What is hepatitis?
"Hepatitis" means inflammation of the liver. Toxins, certain drugs, some diseases, heavy alcohol use, and bacterial and viral infections can all cause hepatitis. Hepatitis is also the name of a family of viral infections that affect the liver; the most common types are Hepatitis A, Hepatitis B, and Hepatitis C.
What is the difference between Hepatitis A, Hepatitis B, and Hepatitis C?
Hepatitis A, Hepatitis B, and Hepatitis C are diseases caused by three different viruses. Although each can cause similar symptoms, they have different modes of transmission and can affect the liver differently. Hepatitis A appears only as an acute or newly occurring infection and does not become chronic. People with Hepatitis A usually improve without treatment. Hepatitis B and Hepatitis C can also begin as acute infections, but in some people, the virus remains in the body, resulting in chronic disease and long term liver problems. There are vaccines to prevent Hepatitis A and B; however, there is not one for Hepatitis C. If a person has had one type of viral hepatitis in the past, it is still possible to get the other types.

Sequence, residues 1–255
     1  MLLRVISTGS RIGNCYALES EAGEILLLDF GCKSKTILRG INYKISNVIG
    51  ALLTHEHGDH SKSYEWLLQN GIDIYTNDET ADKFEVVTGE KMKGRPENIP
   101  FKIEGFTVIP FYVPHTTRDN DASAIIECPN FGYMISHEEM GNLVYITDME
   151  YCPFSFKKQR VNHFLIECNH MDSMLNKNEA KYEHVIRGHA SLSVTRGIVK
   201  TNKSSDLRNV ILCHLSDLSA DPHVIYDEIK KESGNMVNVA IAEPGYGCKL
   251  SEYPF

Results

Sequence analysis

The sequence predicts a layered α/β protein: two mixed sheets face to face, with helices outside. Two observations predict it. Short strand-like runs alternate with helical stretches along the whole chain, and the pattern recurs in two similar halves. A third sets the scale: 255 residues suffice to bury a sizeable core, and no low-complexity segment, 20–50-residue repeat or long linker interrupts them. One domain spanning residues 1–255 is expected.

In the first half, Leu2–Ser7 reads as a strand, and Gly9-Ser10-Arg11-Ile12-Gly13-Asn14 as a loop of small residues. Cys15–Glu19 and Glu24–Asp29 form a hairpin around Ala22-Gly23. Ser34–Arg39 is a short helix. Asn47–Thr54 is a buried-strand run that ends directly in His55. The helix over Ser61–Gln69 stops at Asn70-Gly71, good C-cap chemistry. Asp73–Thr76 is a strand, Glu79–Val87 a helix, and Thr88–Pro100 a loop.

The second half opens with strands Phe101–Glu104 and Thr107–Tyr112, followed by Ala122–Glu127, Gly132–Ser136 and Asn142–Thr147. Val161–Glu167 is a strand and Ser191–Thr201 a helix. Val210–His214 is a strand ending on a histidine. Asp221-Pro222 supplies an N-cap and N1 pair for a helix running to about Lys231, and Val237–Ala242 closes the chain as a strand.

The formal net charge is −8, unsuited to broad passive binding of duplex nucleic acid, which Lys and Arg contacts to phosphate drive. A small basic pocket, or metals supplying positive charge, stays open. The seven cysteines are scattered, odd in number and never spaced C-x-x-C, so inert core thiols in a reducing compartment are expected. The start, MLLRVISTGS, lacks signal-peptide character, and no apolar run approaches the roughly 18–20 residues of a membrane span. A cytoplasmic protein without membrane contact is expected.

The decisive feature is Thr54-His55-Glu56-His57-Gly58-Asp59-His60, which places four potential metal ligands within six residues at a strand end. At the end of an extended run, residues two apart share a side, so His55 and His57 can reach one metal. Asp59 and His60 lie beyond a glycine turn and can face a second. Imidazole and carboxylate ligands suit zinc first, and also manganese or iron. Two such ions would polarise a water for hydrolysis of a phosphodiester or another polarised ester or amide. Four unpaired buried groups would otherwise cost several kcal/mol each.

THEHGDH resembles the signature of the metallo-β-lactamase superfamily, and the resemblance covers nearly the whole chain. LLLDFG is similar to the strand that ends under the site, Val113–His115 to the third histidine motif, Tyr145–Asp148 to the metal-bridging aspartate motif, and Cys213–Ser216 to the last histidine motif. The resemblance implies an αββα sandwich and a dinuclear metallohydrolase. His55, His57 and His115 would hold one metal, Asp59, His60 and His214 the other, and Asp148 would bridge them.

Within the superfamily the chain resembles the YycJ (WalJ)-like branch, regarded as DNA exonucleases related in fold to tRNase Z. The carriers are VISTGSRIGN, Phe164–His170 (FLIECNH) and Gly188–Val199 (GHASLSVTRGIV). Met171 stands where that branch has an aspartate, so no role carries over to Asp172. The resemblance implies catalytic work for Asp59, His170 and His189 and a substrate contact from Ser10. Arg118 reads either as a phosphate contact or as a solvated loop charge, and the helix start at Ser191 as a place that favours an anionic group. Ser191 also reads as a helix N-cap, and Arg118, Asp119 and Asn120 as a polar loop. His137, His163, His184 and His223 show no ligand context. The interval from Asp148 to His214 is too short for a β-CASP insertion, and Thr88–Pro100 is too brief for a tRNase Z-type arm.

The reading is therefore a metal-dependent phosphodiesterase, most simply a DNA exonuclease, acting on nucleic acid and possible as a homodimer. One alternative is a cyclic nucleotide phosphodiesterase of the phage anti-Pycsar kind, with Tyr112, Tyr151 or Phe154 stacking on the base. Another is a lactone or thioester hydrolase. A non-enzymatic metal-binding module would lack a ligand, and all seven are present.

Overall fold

What is Hepatitis A?
Hepatitis A is a contagious liver disease that results from infection with the Hepatitis A virus. It can range in severity from a mild illness lasting a few weeks to a severe illness lasting several months. Hepatitis A is usually spread when a person ingests fecal matter even in microscopic amounts from contact with objects, food, or drinks contaminated by the feces, or stool, of an infected person.
How common is Hepatitis A in the United States?
In the United States, there were an estimated 25,000 new Hepatitis A virus infections in 2007. (However, the official number of reported Hepatitis A cases is much lower since many people who are infected never have symptoms and are never reported to public health officials.)